No, I don’t belong here.  Everything is set up to sustain a system of white privilege.  I’m not supposed to say that.  I’m not supposed to feel that.  I’m told to preach personal accountability by pulling yourself up from those bootstraps.  I’m rewarded for drawing attention to the failures of those unable to make it in a given system.  I’m told to use scriptures to warn people of the consequences related to not playing by the rules. 

None of that feels right when pondered within the context of my black manhood.  When another one of us is shot and killed, I’m reminded of the ache that keeps my feet glued in fields of pain.  I don’t belong here. They want me dead.  It doesn’t matter how hard I work to transcend it all – none of it matters when I’m judged by the stuff they can’t see.
So, I’ll try this again for those who missed it the last time.  I’m a black man.  I’m hurting because of all of this.  I’m taking it personal because I have been stopped by the police for walking in my own neighborhood.  I have been stopped for driving home late at night.  I’ve experienced enough to know how it feels to be judged for no other reason than the fact that I am a black man.

I’m not asking people to understand any of that.  I simply need a space to scream, because, once again, a part of me died last week in Ferguson, MO. My faith will pull me back, but, in the meantime, give me some space to breathe.

Black man walking.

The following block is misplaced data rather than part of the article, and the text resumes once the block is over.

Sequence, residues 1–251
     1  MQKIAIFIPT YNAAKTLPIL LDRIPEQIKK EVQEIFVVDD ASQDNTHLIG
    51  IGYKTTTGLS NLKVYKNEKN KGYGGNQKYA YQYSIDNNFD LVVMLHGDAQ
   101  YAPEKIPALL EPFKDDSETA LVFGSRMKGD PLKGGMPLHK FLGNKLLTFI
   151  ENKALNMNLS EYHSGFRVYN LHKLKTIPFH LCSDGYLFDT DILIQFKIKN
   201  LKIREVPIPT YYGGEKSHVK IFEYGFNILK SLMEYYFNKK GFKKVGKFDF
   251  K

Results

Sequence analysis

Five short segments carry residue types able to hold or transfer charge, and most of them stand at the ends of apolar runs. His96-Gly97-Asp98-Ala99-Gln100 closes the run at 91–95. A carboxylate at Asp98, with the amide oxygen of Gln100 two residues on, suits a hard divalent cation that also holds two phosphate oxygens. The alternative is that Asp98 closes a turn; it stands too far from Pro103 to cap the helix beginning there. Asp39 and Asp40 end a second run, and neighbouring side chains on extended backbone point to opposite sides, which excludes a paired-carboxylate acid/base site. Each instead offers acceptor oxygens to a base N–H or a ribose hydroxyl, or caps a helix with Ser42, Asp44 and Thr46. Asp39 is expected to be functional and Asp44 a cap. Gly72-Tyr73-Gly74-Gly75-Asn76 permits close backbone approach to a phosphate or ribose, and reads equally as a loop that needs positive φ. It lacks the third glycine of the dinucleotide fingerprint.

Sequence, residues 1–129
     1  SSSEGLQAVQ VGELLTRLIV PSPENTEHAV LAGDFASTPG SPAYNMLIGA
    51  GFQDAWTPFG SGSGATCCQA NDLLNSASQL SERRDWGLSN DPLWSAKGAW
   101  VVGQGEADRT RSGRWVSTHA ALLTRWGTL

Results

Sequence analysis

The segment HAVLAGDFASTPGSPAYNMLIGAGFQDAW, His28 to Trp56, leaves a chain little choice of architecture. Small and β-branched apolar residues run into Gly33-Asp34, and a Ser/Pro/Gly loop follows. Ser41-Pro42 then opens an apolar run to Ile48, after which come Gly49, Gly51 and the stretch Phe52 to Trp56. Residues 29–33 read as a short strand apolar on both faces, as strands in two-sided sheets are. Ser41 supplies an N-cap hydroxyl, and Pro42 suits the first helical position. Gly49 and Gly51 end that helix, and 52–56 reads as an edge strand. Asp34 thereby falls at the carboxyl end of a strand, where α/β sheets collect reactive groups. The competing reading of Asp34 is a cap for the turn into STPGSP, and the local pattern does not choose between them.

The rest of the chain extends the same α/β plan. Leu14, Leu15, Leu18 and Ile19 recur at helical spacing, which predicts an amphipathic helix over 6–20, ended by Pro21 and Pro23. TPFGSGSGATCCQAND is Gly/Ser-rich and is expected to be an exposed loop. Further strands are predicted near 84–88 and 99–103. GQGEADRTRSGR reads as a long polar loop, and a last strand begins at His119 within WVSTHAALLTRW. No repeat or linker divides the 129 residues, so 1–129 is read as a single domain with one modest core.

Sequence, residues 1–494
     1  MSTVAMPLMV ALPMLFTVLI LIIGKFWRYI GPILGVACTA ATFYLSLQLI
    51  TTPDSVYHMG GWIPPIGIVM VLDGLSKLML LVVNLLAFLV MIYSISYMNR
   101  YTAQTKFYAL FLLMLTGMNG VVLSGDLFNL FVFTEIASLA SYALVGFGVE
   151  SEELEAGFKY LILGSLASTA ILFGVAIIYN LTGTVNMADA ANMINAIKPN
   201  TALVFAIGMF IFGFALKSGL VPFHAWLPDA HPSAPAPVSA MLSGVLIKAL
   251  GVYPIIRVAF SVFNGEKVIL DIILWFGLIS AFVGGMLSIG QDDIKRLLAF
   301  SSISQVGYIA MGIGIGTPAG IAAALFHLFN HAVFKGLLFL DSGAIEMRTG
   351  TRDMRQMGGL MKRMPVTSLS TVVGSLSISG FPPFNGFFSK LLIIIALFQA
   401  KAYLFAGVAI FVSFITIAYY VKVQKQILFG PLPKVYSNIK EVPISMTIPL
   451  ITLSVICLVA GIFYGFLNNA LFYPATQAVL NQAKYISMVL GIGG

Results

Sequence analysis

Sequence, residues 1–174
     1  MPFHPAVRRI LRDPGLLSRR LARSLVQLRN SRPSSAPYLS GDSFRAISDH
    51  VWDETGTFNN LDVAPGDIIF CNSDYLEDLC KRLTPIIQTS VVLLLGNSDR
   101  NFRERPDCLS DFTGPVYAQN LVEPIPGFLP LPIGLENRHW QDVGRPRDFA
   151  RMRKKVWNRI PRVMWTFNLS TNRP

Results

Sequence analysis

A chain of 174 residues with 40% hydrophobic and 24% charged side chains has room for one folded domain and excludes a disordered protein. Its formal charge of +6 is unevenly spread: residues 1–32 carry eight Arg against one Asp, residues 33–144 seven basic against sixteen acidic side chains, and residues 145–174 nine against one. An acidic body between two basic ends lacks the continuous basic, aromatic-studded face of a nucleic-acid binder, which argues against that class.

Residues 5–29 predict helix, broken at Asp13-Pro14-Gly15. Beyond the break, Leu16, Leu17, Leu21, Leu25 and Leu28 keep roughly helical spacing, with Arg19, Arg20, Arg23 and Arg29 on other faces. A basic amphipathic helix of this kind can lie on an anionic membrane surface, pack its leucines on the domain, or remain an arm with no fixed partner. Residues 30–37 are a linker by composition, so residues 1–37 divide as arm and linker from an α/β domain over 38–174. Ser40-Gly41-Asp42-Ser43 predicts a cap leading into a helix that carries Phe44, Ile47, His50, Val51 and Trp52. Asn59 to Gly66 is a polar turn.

1 comment:

  1. Not all of them want you dead. I should say, not all of us want you dead, because I know that I'm just as much a part of that white privilege you speak of, voluntarily or by chance of birth, as you are part of the disenfranchised.

    I'm sad, and I'm scared, because I see the anger, and I hate it and it frightens me, and I know it's justified, and I'm embarrassed by people like me who are throwing blame to rinse their collective hands, and there just is no way to make that happen. It doesn't matter the reason, it doesn't matter whether it's a race issue or not, it doesn't matter because a boy is dead, and a man shot him, and we all are impacted by that - I want the riots and the vitriol and the terrifying behavior on every side of the race lines to stop, but that doesn't stop anything, and I don't know what to do, and I don't know what I can do as a single person to help heal the wounds that have been ripped open again. I'm angry with those who are spreading inflammatory rumors and making stupid assumptions and connections that don't exist. I'm also angry with those who want to pretend this is no big deal and want it to go away without dealing with the huge underlying issues that aren't being, haven't been, addressed.

    Maybe it doesn't matter what I think -- I can't fix anything except to speak out against cruelty and racism and prejudice when I see it. I'm nobody. My voice feels very small to me, and may not reach you at all, but I want to thank you for your voice. I believe it reaches more hearts than you might know. Peace to you ... however that might happen. Faith is a powerful healer.